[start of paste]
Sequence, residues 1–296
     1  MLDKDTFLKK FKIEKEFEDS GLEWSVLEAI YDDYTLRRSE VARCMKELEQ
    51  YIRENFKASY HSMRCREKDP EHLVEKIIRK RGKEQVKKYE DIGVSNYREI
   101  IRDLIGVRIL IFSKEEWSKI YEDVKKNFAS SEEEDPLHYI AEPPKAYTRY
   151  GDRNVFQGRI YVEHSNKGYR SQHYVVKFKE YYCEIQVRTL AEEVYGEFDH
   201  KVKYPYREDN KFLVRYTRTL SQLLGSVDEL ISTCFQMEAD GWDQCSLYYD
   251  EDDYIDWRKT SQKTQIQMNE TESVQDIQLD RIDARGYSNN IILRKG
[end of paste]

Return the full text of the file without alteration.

Sequence, residues 1–296
     1  MLDKDTFLKK FKIEKEFEDS GLEWSVLEAI YDDYTLRRSE VARCMKELEQ
    51  YIRENFKASY HSMRCREKDP EHLVEKIIRK RGKEQVKKYE DIGVSNYREI
   101  IRDLIGVRIL IFSKEEWSKI YEDVKKNFAS SEEEDPLHYI AEPPKAYTRY
   151  GDRNVFQGRI YVEHSNKGYR SQHYVVKFKE YYCEIQVRTL AEEVYGEFDH
   201  KVKYPYREDN KFLVRYTRTL SQLLGSVDEL ISTCFQMEAD GWDQCSLYYD
   251  EDDYIDWRKT SQKTQIQMNE TESVQDIQLD RIDARGYSNN IILRKG